Erdogan’s Last Electoral Card Is Geopolitical

Turkey’s abrupt attempts to block Finland and Sweden’s membership of NATO wiped out the jubilation of those who pass off glorified rewriting of Wikipedia articles as analysis, yet its equally abrupt dropping of its opposition to their accession also befuddled pundits who have made a career of calling Ankara a “bad ally” over the past decade. Certainly, it left Swedish Prime Minister Magdalena Andersson confused, telling reporters that “it’s hard to tell exactly why they changed their mind”.

The reason for Turkish President Recep Tayyip Erdogan’s apparent change of heart, however, is laid bare by the adulation for him in the Turkish press for once again demonstrating Turkey’s importance on the world stage. With a series of economic policy missteps at home resulting in polling suggesting that Erdogan now stands to narrowly lose elections scheduled for June 2023, throwing Ankara’s geopolitical weight around is now the only good card Erdogan has in an increasingly bad hand.

The Economy, Stupidly

While cost of living issues and spiraling inflation rates have become a global concern, Turkey’s economic woes predate even the COVID-19 pandemic. Since 2018, the value of the lira has collapsed, with inflation skyrocketing to match. The main cause of Turkey’s economic collapse is a series of interest rate cuts based on Erdogan’s beliefs that high interest rates are “the mother and father of all evil”, and that inflation did not actually exist. To achieve his “goals”, Erdogan has erased any pretense of independent monetary policy from the central bank, sacking a series of central bank heads for failing to deliver the lira performance Erdogan wanted. 

Flagging investor confidence has been further crushed by blatant manipulation of official economic data. Turkstat’s official consumer price index inflation data indicates 78% year-on-year inflation as of June, the highest rate reported since the 1990s. However, Istanbul’s Chamber of Commerce reports a 94.5% inflation rate for the same period, while the independent Inflation Research Group reports a 175.55% inflation rate.

As of June, the lira has lost 22% of its value from the start of the year. Combined with the inflation rate, the crisis has all but obliterated the savings of many households, while wages are now barely capable of covering the costs of basic necessities. Trade and foreign trade in particular is hindered by the day-to-day volatility of the lira’s value. Jobs that pay in foreign currencies are unsurprisingly coveted, with those fortunate enough to have one counting their blessings and doing thier utmost to hold on to them.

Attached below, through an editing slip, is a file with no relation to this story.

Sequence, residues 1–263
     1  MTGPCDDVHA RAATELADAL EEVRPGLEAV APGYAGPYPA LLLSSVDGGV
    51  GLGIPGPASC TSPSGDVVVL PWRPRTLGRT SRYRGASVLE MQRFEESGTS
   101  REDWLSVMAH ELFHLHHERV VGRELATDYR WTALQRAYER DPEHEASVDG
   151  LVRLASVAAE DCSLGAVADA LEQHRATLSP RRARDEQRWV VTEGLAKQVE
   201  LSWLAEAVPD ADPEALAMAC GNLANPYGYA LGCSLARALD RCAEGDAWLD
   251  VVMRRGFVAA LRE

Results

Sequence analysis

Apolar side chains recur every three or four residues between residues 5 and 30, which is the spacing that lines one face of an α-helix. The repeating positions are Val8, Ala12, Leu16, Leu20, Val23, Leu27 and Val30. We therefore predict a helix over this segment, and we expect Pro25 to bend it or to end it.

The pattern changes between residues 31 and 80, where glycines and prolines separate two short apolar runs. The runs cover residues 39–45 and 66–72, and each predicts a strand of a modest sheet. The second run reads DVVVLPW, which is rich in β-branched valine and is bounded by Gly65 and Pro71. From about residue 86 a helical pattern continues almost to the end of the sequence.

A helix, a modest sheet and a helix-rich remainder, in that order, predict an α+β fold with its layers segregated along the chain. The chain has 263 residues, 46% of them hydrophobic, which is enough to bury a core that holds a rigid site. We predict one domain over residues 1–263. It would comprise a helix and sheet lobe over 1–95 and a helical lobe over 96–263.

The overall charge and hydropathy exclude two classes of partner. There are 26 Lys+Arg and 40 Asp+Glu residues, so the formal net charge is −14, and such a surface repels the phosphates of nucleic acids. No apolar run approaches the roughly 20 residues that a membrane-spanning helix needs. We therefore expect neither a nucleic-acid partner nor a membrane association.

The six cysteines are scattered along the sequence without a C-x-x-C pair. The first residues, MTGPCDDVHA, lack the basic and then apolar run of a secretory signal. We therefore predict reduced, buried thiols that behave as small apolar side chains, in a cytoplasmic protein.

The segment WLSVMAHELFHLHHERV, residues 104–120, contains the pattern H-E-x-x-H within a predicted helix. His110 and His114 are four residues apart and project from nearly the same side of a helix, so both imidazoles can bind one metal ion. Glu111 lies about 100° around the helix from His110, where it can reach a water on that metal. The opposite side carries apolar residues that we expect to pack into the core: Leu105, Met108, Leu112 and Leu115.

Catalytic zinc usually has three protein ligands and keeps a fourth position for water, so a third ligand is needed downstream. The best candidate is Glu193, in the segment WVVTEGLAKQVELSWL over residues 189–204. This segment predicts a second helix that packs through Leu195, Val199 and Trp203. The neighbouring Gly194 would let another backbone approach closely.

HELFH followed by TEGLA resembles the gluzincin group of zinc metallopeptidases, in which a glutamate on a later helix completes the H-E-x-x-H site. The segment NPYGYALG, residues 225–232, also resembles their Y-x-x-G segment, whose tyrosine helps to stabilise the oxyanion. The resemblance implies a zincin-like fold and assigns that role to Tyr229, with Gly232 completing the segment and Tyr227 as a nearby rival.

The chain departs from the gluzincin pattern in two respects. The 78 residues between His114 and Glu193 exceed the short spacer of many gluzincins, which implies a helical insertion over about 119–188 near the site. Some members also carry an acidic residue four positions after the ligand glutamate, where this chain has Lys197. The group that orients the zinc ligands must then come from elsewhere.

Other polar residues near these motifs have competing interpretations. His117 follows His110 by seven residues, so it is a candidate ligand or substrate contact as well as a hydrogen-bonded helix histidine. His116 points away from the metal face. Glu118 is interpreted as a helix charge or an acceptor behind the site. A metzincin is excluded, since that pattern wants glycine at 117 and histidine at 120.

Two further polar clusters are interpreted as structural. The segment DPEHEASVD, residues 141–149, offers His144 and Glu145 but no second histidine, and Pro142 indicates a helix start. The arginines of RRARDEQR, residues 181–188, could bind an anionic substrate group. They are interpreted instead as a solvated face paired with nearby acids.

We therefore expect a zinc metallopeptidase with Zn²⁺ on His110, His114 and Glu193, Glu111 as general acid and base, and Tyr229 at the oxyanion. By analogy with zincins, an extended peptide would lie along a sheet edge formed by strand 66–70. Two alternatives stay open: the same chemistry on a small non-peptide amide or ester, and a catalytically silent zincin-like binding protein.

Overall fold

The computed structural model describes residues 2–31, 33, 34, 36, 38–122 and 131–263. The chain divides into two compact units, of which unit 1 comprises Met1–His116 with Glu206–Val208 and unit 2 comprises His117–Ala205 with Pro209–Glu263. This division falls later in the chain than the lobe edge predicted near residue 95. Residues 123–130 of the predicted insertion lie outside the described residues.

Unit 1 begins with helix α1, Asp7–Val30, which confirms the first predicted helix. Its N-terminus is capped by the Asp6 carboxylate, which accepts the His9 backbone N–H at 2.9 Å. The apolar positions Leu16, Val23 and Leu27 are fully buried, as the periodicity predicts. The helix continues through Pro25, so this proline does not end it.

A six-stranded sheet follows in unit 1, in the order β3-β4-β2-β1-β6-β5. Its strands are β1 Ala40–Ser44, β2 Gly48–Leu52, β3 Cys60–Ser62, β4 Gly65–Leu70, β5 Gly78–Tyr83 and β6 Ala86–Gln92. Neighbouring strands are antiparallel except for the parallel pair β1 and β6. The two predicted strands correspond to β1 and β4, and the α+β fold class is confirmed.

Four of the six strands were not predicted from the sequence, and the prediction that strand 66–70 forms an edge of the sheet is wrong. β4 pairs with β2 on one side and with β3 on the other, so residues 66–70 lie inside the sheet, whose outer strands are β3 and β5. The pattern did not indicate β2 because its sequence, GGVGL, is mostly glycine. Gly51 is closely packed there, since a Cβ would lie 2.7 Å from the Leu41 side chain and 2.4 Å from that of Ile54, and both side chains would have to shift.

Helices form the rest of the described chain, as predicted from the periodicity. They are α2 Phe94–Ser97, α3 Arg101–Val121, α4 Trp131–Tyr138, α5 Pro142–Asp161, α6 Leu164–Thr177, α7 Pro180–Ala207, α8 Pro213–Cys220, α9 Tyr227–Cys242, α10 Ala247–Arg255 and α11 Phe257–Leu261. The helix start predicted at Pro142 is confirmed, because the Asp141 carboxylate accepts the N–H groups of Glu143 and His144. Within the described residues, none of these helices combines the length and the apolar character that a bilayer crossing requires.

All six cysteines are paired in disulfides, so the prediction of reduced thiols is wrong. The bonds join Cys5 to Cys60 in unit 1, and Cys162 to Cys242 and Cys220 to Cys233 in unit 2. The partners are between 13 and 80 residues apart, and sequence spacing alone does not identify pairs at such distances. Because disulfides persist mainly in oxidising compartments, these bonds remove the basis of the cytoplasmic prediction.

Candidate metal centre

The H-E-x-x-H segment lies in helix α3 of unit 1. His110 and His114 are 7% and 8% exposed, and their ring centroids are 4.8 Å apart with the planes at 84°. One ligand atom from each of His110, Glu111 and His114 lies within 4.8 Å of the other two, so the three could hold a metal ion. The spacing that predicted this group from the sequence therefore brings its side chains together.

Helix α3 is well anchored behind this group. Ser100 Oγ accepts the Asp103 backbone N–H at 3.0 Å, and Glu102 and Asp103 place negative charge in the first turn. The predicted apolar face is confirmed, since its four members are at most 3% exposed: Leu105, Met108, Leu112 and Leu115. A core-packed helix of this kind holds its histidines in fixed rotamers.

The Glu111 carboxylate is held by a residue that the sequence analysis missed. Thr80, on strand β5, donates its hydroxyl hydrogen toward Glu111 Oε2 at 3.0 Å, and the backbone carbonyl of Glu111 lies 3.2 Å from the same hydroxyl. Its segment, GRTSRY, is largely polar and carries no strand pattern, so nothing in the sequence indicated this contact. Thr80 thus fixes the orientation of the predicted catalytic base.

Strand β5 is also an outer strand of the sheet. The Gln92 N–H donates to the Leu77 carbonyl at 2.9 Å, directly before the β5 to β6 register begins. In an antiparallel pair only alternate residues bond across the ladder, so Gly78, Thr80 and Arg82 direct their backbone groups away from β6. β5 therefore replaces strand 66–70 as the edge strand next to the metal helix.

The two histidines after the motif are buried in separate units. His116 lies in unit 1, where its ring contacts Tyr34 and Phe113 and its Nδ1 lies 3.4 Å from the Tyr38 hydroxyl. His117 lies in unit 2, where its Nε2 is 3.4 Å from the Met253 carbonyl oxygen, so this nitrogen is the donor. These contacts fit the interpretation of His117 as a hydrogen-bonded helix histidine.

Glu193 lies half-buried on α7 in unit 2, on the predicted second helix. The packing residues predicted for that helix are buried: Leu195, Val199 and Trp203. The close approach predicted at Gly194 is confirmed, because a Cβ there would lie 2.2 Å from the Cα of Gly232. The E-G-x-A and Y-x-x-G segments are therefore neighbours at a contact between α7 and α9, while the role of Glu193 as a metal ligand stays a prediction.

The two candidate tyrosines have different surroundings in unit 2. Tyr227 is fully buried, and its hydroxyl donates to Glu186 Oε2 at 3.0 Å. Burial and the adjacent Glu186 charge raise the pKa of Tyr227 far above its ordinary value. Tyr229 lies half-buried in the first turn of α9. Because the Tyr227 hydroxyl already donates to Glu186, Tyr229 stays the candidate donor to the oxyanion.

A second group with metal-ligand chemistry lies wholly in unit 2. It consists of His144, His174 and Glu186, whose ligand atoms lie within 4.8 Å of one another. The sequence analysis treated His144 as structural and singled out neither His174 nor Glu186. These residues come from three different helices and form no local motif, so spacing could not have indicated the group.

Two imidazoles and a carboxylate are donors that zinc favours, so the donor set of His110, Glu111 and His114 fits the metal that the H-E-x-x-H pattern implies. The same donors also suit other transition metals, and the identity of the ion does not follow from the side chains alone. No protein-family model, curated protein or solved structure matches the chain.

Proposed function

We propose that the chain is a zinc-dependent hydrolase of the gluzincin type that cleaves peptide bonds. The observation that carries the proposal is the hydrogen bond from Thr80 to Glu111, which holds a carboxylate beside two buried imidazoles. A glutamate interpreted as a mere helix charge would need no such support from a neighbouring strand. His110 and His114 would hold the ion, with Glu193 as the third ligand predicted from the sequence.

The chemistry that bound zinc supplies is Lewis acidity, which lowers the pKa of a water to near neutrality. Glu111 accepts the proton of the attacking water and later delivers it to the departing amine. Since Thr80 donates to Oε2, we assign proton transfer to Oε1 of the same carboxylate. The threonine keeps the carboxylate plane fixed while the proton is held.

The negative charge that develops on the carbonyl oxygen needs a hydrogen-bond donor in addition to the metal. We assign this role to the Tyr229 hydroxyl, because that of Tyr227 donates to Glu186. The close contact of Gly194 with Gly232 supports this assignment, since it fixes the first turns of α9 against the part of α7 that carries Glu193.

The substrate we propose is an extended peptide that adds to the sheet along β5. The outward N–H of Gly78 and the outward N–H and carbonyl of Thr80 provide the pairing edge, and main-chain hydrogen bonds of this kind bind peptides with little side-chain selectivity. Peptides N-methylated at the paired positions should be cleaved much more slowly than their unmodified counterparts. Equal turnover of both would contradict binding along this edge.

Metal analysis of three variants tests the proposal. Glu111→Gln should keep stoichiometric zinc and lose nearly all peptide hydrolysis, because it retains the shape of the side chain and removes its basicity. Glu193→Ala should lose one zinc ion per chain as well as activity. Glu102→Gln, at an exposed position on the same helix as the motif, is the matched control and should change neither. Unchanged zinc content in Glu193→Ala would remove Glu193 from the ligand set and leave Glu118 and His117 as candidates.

From Foreign Leverage To Domestic Liability

As the Syrian Revolution turned into the Syrian Civil War, the Assad regime’s brutal tactics of indiscriminate killing and deliberate targeting of services and infrastructure used to support life displaced millions of civilians, many of which wound up making their way through Turkey and on to the European Union’s external borders seeking a chance for a life away from war. The sight of refugees huddled in camps, walking along roads or resting against chain link fences on the evening news in turn spurred a wave of European populist backlash, with right-wing parties pandering to voter fears of the other, making major electoral inroads, if they weren’t outright elected into governmental positions.

The European political establishment took notice, knowing that their time in power would be short if nothing was done. In 2016, the European Union and Turkey struck an agreement, where Turkey would contain the vast majority of Syrian refugees arriving there on the EU’s behalf, largely sparing the EU the inconvenient sight of seeing Greek and other EU border guards push refugees back across EU borders. In exchange, the EU would give €6 billion in grants to Turkey to support the Syrian refugees that had arrived in Turkey at that point.

Since then, Turkey has become home to the vast majority of Syrian refugees that have fled Syria entirely, with Turkish statistics accessed by the United Nations’ human rights office counting 3.6 million registered Syrian refugees as of 2022. In the years since the deal, Turkey has used its “stature” as the world’s largest host of refugees as leverage on European capitals, threatening to unleash a wave of migrants and their political consequences should Ankara not get what it wants.